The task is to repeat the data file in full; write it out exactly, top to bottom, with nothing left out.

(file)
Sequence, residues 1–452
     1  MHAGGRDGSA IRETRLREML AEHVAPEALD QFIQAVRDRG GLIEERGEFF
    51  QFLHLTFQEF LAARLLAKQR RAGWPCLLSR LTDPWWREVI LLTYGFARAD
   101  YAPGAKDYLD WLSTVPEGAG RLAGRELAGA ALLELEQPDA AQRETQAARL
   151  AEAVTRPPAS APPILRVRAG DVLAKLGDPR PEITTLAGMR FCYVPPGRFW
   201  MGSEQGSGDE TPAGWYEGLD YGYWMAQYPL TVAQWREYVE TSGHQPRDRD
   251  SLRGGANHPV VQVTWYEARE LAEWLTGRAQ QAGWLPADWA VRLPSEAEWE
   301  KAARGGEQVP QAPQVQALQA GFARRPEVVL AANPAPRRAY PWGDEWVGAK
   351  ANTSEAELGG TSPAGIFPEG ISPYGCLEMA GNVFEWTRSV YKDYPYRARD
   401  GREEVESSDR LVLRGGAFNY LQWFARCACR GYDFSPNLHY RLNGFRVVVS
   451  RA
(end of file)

Sequence, residues 1–452
     1  MHAGGRDGSA IRETRLREML AEHVAPEALD QFIQAVRDRG GLIEERGEFF
    51  QFLHLTFQEF LAARLLAKQR RAGWPCLLSR LTDPWWREVI LLTYGFARAD
   101  YAPGAKDYLD WLSTVPEGAG RLAGRELAGA ALLELEQPDA AQRETQAARL
   151  AEAVTRPPAS APPILRVRAG DVLAKLGDPR PEITTLAGMR FCYVPPGRFW
   201  MGSEQGSGDE TPAGWYEGLD YGYWMAQYPL TVAQWREYVE TSGHQPRDRD
   251  SLRGGANHPV VQVTWYEARE LAEWLTGRAQ QAGWLPADWA VRLPSEAEWE
   301  KAARGGEQVP QAPQVQALQA GFARRPEVVL AANPAPRRAY PWGDEWVGAK
   351  ANTSEAELGG TSPAGIFPEG ISPYGCLEMA GNVFEWTRSV YKDYPYRARD
   401  GREEVESSDR LVLRGGAFNY LQWFARCACR GYDFSPNLHY RLNGFRVVVS
   451  RA